Warm up this holiday season with chestnutsNow that the Thanksgiving holiday has passed, we are bombarded with the piles of shopping ads for extraordinary deals on items we just can’t live without. We have made it through Black Friday without getting trampled, pushed and shoved into next year and we have completely filled ourselves with way too much food during the holiday.
By: John Zvirovski , The Jamestown Sun
Now that the Thanksgiving holiday has passed, we are bombarded with the piles of shopping ads for extraordinary deals on items we just can’t live without. We have made it through Black Friday without getting trampled, pushed and shoved into next year and we have completely filled ourselves with way too much food during the holiday. Now we have entered into the Christmas season of sweets, goodies and spirits. We have surrounded ourselves with the colors of red and green along with many other accents.
Don’t allow yourself to get too caught up with all the hustle and bustle of the season. Remember that keeping your holiday simple will have the best results with the most enjoyment. Keep to the many traditions and history that comes along with the Christmas season. Some of those traditions are still the best of the best, whether it is drinking eggnog on Christmas Eve spiked with a little rum or singing Christmas carols from house to house or around a player at the piano. There are many enjoyable events that come along with the holidays that don’t have to feel rushed or get one stressed out.
One of the Christmas carols that comes to mind is “Chestnuts roasting on an open fire, Jack Frost nipping at your nose. …” The thought of sitting at the open fire on a cold evening roasting chestnuts sounds quite appealing to me. I am sure many people through the centuries have enjoyed those same moments to pass on from generation to generation.
Chestnuts are a common treat for the holiday season as they ripen in late fall and are ready just in time for the holiday season. Typically they only stay fresh for a total of 60 days before going bad or drying out. Chestnuts are produced on both trees and large shrubs depending on the variety. They cannot be grown in our region as they only survive in zones 5 through 9.
Chestnuts trees are grown in three main varieties: the European, Asiatic and American species. For centuries, the American chestnut tree was the predominant tree east of the Mississippi River. In fact, it was also the main wood used for making furniture, fences and for building homes. It was a tall tree with a strong wood that was prime for even the production of boats.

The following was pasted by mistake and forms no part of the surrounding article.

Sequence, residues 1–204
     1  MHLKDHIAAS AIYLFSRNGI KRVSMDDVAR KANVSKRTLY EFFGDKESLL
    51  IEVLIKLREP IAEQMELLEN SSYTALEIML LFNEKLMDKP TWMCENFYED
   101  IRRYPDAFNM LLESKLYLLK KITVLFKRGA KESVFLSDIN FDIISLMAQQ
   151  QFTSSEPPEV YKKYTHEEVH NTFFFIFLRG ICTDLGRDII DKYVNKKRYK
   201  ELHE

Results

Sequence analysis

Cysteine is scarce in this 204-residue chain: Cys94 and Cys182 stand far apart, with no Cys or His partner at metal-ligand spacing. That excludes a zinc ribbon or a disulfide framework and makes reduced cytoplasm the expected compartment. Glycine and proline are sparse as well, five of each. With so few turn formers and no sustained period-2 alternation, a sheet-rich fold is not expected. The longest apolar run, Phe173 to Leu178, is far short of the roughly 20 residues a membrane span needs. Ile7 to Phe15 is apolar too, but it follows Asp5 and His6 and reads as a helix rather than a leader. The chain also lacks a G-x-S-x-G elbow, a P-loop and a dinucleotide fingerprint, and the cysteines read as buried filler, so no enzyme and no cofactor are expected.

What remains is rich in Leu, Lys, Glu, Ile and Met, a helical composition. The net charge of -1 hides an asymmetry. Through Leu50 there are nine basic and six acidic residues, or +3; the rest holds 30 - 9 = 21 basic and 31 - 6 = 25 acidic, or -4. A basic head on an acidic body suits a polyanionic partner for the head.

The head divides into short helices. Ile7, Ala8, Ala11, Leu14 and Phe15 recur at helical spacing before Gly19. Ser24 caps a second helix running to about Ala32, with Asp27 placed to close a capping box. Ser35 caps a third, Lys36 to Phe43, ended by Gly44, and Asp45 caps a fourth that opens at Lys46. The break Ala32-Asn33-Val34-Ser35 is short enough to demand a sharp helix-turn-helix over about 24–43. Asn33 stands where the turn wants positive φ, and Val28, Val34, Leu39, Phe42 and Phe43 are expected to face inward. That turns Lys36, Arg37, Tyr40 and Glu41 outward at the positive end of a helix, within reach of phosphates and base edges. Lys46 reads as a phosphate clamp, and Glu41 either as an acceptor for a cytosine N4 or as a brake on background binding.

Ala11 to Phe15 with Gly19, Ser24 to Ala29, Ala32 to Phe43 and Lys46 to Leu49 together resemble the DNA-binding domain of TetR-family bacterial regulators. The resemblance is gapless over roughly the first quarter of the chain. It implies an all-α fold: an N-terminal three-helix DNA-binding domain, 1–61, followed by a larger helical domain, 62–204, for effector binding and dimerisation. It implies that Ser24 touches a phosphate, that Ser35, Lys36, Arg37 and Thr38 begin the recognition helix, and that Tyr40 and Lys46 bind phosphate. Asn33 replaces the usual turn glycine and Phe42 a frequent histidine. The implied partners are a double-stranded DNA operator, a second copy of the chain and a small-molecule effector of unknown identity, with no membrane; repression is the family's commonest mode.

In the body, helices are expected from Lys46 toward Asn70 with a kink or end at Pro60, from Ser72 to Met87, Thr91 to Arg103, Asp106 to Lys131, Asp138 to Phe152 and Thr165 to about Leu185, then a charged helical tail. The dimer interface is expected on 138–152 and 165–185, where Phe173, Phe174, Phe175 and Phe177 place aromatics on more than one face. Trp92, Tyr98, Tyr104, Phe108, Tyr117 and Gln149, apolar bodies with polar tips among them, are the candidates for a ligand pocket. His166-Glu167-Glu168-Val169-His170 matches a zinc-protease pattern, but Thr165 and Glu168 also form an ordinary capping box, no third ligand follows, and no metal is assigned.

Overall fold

In the early 1900s the chestnut blight fungus entered North America via the state of New York and quickly spread throughout the species. Within a few decades, the American chestnut species was nearly wiped out. More than 4 billion trees succumbed to the disease and for many years after, it had a very difficult time making its return. The only species resistant to the blight was the Asiatic selection. Botanists have strived since to produce a blight resistant variety that is as close to the original American chestnut as possible. Only 1 percent of the trees today in North America are the American chestnut. Since that time we have also seen other species succumb to disease such as the American elm with Dutch elm disease and now we are in the beginning stages of losing the ash species to emerald ash borer. It is one of the downfalls of a dominance of any type of species in nature that can create its own monoculture.
Chestnut trees prefer full sunlight with deep, well-drained soils that get at least 31 inches of rain a year on a consistent basis. They will not grow in heavy clay soils or soils that are alkaline in culture. From seed, it can take up to 40 years for some species to begin producing a noticeable crop of nuts. However, if this species is grafted onto a resistant rootstock, production can begin in as soon as five to 10 years.
Most chestnuts today are imported from the Mediterranean region. As the nuts mature on the trees, their burred husks will turn yellow. The end of the husk will open allowing the nut to fall from within, but oftentimes the nut falls from the tree before opening.
Once harvested, the husks are removed and the nut is inside a thin, dark brown shell. This shell can be peeled away to eat the nut inside. Chestnuts are low in fats, contain no cholesterol, are gluten-free and are the only nuts that contain Vitamin C. They are lower in calories than walnuts, almonds and other nuts and dried fruits.
When taking on the tradition of roasting chestnuts, score an “X” on the top of the nut shell and place them “X” up on a cookie sheet. Heat the oven to 425 F and place the pan into the oven for anywhere from 15 to 30 minutes to create a tender and sumptuous treat. Scoring the nutshell will keep the nut from exploding in the oven due to the trapped steam within the nut. Be very careful when trying them, as they will be quite hot when coming out of the oven.
Start your holiday season off with this tradition today and score some chestnuts, place them in a pan and gently roast them over an open fire while enjoying a special cup of spiked nog with a friend or loved one. It may be one of the best ways to start off the season while others are racing around causing undue stress in their lives. Here’s to the beginning of a wondrous and joyous season filled with love, life and giving.